Local Planets

Over the last few years I’ve written a few times about how I’ve been building planets. A planet is a web site which aggregates web feeds on a particular topic and republishes them as a combined web site (almost certainly with a combined web feed as well). One of my earliest planets was Planet Balham which combines feeds about Balham, the area of London where I live.

The idea of using the internet to bring together local communities has been gaining a lot of traction recently, so I’ve been doing a bit of work on Planet Balham firstly to improve the design and secondly to make the content as interesting as possible. I’ve also promoting it a bit and, as a result of that work, someone suggested to me earlier today that a Planet Streatham might also be useful. For those of you who don’t have an encyclopaedic knowledge of London geography I should probably point out that Streatham is the area to the east of Balham.

I have a pretty good system in place for building planets quickly so in my lunch break I threw together a quick prototype for Planet Streatham. And then (because I was on a roll) I did Planet Tooting and Planet Clapham too.

Of course, the problem with building planets is finding good content. For Balham, I have some local knowledge and I’m pretty happy with what I have[1]. For Streatham, Tooting and Clapham I have less local knowledge and, to be honest, less inclination to research the subject. But I’ve discovered that you can actually build a decent local planet with just a few standard feeds. And those are what I’ve used for the new planets. I think these would be a good start for any local planet. The great thing about them is that it’s easy to customise them for any other location.

In all cases, I hope it’s obvious how to customise the  link.

Automated searches aren’t without their problem, of course. Since I’ve been following Google’s news search for “Balham”, I’ve learned more than I really wanted to about Nebraskan basketball player Chris Balham. But that’s only to be expected and the “real” results far outweigh the problems. Initial results indicate that the problem might be worse for Planet Tooting. Tuning the search terms – perhaps to include “London” – might be an improvement.

So I have basic planets for Streatham, Tooting and Clapham. I don’t intend to spread my empire any further. But I’d really like to see more local planets like this springing up. I’ve already had a couple of people contact me on Twitter about creating others. There’s already a Planet SE16, but there’s no reason why every part of London shouldn’t have one.

The technology isn’t hard. My planets are built with my own software, but I expect pretty much any language will have some kind of planet application available. I’ll write in more detail later this week about how I’ve built mine, but if I’ve inspired you to build one, please let me know and I’ll start some kind of directory.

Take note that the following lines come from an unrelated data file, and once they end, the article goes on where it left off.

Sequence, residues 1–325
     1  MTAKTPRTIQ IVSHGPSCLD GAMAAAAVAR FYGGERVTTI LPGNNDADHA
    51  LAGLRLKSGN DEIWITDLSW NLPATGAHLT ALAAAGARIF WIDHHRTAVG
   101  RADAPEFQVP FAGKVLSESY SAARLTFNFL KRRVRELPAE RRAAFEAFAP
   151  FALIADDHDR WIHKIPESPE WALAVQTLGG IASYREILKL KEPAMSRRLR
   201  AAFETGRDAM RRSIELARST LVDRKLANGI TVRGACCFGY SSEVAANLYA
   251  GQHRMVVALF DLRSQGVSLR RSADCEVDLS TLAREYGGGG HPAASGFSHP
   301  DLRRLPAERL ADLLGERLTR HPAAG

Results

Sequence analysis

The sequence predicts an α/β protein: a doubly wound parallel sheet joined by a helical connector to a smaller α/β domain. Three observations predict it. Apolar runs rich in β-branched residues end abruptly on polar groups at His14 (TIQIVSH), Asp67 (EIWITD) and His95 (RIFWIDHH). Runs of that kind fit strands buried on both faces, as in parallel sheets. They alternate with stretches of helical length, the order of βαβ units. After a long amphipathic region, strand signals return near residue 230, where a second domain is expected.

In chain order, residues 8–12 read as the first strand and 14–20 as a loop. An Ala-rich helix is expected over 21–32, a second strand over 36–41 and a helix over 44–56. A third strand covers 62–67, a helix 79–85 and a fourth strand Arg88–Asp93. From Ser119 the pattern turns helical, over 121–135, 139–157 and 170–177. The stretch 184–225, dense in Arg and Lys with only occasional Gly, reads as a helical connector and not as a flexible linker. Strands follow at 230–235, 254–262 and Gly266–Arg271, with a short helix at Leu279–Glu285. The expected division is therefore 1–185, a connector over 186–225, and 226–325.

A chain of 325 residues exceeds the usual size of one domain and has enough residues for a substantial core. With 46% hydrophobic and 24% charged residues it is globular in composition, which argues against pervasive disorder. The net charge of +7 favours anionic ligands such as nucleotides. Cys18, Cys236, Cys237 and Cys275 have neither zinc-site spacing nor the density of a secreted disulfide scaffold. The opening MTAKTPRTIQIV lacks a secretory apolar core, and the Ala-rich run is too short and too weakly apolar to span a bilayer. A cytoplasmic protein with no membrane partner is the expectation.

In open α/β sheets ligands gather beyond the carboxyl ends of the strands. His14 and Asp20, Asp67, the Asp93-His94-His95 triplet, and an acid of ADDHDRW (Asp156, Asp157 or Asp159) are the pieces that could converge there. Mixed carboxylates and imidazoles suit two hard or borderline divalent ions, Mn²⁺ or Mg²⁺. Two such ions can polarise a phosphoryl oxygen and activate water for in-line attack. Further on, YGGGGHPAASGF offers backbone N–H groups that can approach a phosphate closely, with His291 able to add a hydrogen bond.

[1] Still interested in adding more though, let me know if you know of a good local feed that I’m missing.

More Planets

Over the weekend I found time to rebuild the rest of my missing planets. I’ve resurrected Planet Balham (Atom), Planet Westminster (Atom) and Planet Doctor Who (Atom). They all have Atom feeds available as well.

This has been an interesting test of Perlanet (my simple planet-building program). When building planet davorg, I was only using feeds that I had some kind of control over. It was therefore pretty simple to ensure that the web page created was valid HTML (though, due to some bugs in the Perl modules I’m using, the same can’t be said of the Atom feed). But with these new planets, I’m aggregating feeds from all sorts of places and am seeing problems that I hadn’t seen before. In particular I’ve changed Perlanet to deal with the cases where the feed can’t be downloaded for some reason (I think that some of the MPs on my list have stopped blogging) and where the feed isn’t valid.

There are also plenty of examples of feeds that have some pretty mad HTML in them which are breaking the layout of the output pages. On Planet Balham there seems to be some broken HTML that is badly effecting the <div>s on the page, moving the Google Adsense block halfway down the page. Also, the second half of the page is currently in italics due, I suspect, to an unclosed <i> tag. On Planet Westminster there’s also some kind of problem which means that the names of the feeds change size halfway down the page.

So it’s clear that I need to add something to clean up the feeds. I’ll probably look at using HTML::Tidy or HTML::Scrubber (perhaps both). Expect some better looking pages in the next few days.